Exchequer moved, “ That 60,0001. be Mr. R. Ward, to show the impartiality granted to his Majesty, to enable him to of the Admiralty Board, cited a case in grant relief to such of the suffering clergy which he had applied to the first lord in and laity of France, Toulonese, and Cor. favour of a midshipman, who was a rela- sican emigrants, Saint Domingo sufferers, tion of his own; but his application was and Datch naval officers, who may heretofore have received allowances from his , advances made to the emigrants, and Majesty, and who may not have been whether any of the persons finally comenabled to return to their own countries pensated, as the Chancellor of the Ex. in the course of the present year, or who, chequer staled, had again returned to this from services performed, or losses sus-country? tained in the British service, may have The Chancellor of the Exchequer answered, special claims upon his Majesty's justice that none of them so compensated had or liberality." He said, that of this sum | again returned. 36,0001. was to have been paid by the The Resolution was agreed to.-On a King of France, but recent occurrences Resolution being proposed for a grant of had prerented the performance of that 6,0001. as a final compensation to the engagement. He thought several of those commissioners for examining and ascer. persons had a peculiar claim on England, taining the boundaries of Windsor forest, as they had been employed by our Go Mr. Whilbread said, that he understood vernment, and had wasted their property there was another commission wbich bad in our service.

been appointed to survey the royal parks Sir M. W. Ridley said, that however and forests, of wbich a noble lord (Yarungracious it might seem to make any mouth), and Mr. Bicknell, solicitor to the objection to a motion of this nature, he Admiralty and the Prince Regent, were thought it necessary upon such a motion the commissioners. He wished to know to suggest the propriety of considering who appointed those commissioners, or the distresses and burthens of our own | what authority they had to act ? people, and to impress upon his Majesty's The Chancellor of the Exchequer replied, ministers that no French emigrants capa. that the grant now proposed was the re. ble of serviog their King in his present gular compensations to commissioners ap. emergency, should be encouraged to with pointed under an Act of Parliament passed draw from him by the prospect of a pro- several years ago, for three years services. vision from this country.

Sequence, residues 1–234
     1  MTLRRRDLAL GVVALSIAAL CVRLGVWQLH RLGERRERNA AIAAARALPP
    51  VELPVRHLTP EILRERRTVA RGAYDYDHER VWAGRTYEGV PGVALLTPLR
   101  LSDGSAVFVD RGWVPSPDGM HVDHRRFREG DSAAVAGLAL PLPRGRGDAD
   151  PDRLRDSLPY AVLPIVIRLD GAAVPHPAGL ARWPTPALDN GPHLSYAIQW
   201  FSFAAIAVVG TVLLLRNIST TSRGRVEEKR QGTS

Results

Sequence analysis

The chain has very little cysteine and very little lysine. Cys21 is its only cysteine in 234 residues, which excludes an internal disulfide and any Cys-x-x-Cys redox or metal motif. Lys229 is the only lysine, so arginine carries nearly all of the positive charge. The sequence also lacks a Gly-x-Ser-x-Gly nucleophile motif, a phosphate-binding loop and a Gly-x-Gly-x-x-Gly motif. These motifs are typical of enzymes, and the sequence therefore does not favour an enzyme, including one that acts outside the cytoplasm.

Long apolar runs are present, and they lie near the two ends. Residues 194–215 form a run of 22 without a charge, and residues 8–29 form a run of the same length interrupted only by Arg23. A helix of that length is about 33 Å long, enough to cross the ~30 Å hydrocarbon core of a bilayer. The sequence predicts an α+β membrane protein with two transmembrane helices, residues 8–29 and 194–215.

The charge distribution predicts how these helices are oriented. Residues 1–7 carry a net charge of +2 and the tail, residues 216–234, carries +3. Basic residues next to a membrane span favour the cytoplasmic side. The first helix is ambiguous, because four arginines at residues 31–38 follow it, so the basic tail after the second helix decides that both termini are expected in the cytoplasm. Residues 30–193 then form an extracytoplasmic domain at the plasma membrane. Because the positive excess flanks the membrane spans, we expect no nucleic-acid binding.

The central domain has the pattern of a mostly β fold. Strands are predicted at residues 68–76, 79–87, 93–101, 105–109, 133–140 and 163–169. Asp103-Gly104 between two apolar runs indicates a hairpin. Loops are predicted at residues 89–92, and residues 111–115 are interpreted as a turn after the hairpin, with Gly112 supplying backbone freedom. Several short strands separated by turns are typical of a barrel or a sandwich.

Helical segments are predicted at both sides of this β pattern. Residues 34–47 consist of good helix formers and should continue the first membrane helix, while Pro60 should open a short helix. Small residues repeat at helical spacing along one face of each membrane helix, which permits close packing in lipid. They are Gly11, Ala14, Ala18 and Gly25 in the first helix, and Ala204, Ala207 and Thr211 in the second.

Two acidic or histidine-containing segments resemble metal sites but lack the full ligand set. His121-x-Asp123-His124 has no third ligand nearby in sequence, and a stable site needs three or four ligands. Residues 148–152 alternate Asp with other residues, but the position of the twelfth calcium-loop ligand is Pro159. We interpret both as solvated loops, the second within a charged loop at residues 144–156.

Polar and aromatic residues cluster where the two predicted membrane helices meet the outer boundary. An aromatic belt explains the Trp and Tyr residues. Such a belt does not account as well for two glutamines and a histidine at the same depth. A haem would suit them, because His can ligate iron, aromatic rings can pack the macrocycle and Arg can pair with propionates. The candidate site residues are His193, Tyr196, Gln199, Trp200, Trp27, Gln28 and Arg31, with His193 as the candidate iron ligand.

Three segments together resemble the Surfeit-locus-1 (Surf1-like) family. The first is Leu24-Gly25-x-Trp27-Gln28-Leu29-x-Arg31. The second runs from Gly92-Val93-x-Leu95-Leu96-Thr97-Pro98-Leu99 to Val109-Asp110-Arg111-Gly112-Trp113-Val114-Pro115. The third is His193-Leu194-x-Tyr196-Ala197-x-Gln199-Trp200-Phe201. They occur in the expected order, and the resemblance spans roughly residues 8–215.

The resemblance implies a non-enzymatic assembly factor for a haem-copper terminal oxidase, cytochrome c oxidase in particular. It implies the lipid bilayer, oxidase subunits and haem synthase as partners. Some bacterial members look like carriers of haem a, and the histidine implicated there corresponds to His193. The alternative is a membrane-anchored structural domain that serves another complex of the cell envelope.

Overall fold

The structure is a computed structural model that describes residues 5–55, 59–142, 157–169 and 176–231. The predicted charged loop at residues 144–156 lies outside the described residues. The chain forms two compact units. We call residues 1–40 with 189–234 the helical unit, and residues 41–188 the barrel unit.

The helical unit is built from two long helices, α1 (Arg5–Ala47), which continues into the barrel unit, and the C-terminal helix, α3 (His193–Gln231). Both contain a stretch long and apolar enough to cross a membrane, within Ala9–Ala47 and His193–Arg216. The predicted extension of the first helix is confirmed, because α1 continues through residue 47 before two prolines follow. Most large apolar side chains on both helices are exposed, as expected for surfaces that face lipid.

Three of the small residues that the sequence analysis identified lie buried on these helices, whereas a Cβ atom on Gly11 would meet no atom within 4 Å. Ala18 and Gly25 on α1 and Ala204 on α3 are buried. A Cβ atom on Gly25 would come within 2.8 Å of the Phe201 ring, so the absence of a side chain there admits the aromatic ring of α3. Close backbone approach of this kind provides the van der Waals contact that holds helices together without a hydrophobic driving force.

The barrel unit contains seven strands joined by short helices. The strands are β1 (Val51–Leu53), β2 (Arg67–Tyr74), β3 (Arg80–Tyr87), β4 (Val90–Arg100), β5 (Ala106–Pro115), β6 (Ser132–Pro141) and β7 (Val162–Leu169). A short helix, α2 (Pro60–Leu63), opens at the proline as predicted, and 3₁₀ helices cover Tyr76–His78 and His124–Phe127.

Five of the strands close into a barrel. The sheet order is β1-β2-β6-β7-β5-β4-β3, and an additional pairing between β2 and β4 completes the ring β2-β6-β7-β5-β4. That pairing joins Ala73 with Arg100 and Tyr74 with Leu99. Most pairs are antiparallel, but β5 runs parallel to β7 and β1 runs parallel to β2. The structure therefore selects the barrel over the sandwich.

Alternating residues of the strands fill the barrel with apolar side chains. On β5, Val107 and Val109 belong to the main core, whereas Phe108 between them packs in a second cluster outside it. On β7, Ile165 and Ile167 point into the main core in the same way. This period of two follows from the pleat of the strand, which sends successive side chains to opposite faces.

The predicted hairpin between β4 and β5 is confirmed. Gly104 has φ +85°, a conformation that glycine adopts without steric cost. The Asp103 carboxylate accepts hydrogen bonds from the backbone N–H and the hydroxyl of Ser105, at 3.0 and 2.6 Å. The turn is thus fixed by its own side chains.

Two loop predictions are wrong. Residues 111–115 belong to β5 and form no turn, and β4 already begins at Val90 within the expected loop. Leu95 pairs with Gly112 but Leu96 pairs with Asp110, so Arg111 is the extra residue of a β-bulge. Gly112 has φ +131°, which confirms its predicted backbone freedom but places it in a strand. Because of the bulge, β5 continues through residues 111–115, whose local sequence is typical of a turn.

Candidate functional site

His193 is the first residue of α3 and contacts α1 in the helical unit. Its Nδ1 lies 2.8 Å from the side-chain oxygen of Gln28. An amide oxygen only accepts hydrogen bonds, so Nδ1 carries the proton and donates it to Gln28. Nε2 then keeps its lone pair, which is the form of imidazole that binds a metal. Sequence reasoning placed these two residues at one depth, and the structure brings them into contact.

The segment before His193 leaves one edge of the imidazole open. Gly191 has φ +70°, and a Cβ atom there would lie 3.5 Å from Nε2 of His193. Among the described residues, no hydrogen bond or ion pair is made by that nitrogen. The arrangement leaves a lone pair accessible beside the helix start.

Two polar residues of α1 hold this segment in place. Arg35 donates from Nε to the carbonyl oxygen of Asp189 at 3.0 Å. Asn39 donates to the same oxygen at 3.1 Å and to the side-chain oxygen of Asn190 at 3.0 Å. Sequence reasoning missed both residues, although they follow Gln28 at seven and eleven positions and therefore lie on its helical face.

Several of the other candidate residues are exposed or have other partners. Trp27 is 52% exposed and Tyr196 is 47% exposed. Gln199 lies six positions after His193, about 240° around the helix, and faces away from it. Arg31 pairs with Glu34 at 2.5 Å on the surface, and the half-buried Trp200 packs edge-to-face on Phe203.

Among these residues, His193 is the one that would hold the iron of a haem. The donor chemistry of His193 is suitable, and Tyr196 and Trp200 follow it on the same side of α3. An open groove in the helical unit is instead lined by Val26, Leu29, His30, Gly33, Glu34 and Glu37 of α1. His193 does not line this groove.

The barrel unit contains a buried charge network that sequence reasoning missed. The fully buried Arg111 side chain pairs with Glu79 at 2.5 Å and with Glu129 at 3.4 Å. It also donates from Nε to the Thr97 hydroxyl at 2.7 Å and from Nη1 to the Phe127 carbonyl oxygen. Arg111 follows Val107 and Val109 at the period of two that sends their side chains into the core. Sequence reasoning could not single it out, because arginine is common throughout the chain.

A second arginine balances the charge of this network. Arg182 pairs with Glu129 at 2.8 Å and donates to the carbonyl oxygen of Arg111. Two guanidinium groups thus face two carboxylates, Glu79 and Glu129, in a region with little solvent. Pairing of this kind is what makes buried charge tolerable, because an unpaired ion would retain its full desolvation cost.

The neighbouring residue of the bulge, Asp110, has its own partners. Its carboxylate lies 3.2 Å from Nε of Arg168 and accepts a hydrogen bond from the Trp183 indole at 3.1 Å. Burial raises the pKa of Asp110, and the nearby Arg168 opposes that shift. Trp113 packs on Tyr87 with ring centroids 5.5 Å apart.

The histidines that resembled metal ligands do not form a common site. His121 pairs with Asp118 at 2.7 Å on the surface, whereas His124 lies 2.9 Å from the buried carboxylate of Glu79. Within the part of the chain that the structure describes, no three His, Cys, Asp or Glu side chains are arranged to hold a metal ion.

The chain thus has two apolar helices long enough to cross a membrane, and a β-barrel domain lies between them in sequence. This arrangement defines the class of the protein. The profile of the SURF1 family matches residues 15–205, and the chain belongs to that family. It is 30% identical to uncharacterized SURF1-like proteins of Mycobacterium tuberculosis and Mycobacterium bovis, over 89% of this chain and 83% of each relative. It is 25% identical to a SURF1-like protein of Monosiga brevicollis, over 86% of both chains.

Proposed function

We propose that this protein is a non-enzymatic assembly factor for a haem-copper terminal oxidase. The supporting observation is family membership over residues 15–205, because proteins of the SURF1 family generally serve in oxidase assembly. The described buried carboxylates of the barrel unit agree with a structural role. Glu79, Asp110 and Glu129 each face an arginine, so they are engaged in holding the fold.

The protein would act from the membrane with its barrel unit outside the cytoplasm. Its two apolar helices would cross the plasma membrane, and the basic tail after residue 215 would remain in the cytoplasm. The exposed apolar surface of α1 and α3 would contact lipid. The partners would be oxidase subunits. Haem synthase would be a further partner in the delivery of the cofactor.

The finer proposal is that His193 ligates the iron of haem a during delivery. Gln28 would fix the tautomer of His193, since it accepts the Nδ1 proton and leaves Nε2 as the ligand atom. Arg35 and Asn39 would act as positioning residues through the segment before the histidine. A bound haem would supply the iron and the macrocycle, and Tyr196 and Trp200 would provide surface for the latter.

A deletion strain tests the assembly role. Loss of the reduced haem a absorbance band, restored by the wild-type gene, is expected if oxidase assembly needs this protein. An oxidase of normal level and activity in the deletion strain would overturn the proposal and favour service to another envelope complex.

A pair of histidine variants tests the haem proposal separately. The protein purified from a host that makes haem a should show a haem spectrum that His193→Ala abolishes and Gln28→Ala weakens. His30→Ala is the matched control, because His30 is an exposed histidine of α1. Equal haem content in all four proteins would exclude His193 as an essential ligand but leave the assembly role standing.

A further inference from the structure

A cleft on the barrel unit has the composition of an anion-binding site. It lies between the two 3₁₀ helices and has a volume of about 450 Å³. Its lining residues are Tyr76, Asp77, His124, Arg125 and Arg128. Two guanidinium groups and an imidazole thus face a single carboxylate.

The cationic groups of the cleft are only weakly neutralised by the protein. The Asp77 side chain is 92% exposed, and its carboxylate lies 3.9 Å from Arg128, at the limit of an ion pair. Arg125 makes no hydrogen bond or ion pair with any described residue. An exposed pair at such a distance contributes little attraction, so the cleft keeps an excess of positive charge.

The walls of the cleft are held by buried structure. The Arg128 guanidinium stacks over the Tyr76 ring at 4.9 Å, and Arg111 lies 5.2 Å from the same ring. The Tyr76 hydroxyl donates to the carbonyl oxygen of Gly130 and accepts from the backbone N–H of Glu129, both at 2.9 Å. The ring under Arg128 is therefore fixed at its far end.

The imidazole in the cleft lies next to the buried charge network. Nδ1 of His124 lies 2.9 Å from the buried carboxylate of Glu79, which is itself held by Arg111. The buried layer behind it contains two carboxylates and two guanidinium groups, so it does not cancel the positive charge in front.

As to tbe other coạimission, it had been The Chancellor of the Exchequer assured laid before the Crown lawyers, to give the committee, that care would be taken their opinion as to its validity. to provide against any such encourage. On the motion, “ That 21,0001. be ment as the hon. baronet had stated. The granted to bis Majesty, for defraying the fact, however, was, that it was not pro extra charge for contingencies of the posed to provide for any persons from this three Secretaries of State, for the year fund but such as from old age and infir. 1815," mity were unable to afford any active Mr. Tierney said, he thought there support to their Sovereign in his present ought to be a more detailed account set state.

forth. He did not mean to say that the Mr. Whitbread asked, whether the pro. | sum was too large; but he thought the posed vote was in addition to the 15,0001. House ought to be informed of the paralready voted?

ticulars for which it was given. The Chancellor of the Exchequer answered Mr. Arbuthnot signified bis readiness, in the affirmative, adding that out of the upon brnging up the report, to lay the 15,000l. alluded to, 8,0001. had been required information upon the table. granted as a final compensation to some Sir M. W. Ridley said, he thought the emigrants on quitting the country. Secretaries of State were not sufficiently

Mr. Whitbread said, that as it had been paid, and that the public would be better stated that 1600) emigrants had lately satisfied if their salaries were increased, come into the country, he hoped it was instead of having to conge to Parliainent not intended by putting them on the Alien for those contingencies. list to make those emigrants an additional Mr. Arbuthnot repelled the idea that burthen upon us; for if so, the powers any part of those contingencies was apof the Alien Act might be abused, by propriated to the personal uses of the keeping some foreigners in the country, Secretaries of State. They were exas they had been heretofore abused by pended in coals, candles, stationery, and sending other foreigners out of it. The other articles for their offices. hon. member asked, whether in the course Sir M. W. Ridley explained, and said of their goveroment the Bourbons had, that he had no intention of insinuating according to promise, paid any sum to our any thing like what the right hon. gen. Government, as a compensation for the tleman seemed to apprehenda